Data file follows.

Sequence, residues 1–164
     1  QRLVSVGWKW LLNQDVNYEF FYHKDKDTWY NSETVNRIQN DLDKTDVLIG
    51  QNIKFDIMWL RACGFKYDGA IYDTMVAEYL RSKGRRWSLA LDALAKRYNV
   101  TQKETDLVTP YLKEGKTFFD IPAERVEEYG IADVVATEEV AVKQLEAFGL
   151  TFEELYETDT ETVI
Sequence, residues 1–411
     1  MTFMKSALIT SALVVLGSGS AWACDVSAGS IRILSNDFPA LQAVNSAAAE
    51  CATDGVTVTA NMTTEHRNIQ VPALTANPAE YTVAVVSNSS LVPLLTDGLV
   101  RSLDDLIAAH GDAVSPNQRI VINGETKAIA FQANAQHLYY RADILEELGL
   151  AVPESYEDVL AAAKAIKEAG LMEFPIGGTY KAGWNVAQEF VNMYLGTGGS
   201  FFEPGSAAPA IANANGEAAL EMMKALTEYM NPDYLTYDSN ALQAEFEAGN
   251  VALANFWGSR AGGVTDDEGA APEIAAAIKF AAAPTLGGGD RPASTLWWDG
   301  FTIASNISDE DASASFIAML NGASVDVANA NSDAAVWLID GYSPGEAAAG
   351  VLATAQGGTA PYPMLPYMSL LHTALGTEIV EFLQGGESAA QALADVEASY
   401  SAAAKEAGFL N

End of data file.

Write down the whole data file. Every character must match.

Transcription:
Sequence, residues 1–164
     1  QRLVSVGWKW LLNQDVNYEF FYHKDKDTWY NSETVNRIQN DLDKTDVLIG
    51  QNIKFDIMWL RACGFKYDGA IYDTMVAEYL RSKGRRWSLA LDALAKRYNV
   101  TQKETDLVTP YLKEGKTFFD IPAERVEEYG IADVVATEEV AVKQLEAFGL
   151  TFEELYETDT ETVI
Sequence, residues 1–411
     1  MTFMKSALIT SALVVLGSGS AWACDVSAGS IRILSNDFPA LQAVNSAAAE
    51  CATDGVTVTA NMTTEHRNIQ VPALTANPAE YTVAVVSNSS LVPLLTDGLV
   101  RSLDDLIAAH GDAVSPNQRI VINGETKAIA FQANAQHLYY RADILEELGL
   151  AVPESYEDVL AAAKAIKEAG LMEFPIGGTY KAGWNVAQEF VNMYLGTGGS
   201  FFEPGSAAPA IANANGEAAL EMMKALTEYM NPDYLTYDSN ALQAEFEAGN
   251  VALANFWGSR AGGVTDDEGA APEIAAAIKF AAAPTLGGGD RPASTLWWDG
   301  FTIASNISDE DASASFIAML NGASVDVANA NSDAAVWLID GYSPGEAAAG
   351  VLATAQGGTA PYPMLPYMSL LHTALGTEIV EFLQGGESAA QALADVEASY
   401  SAAAKEAGFL N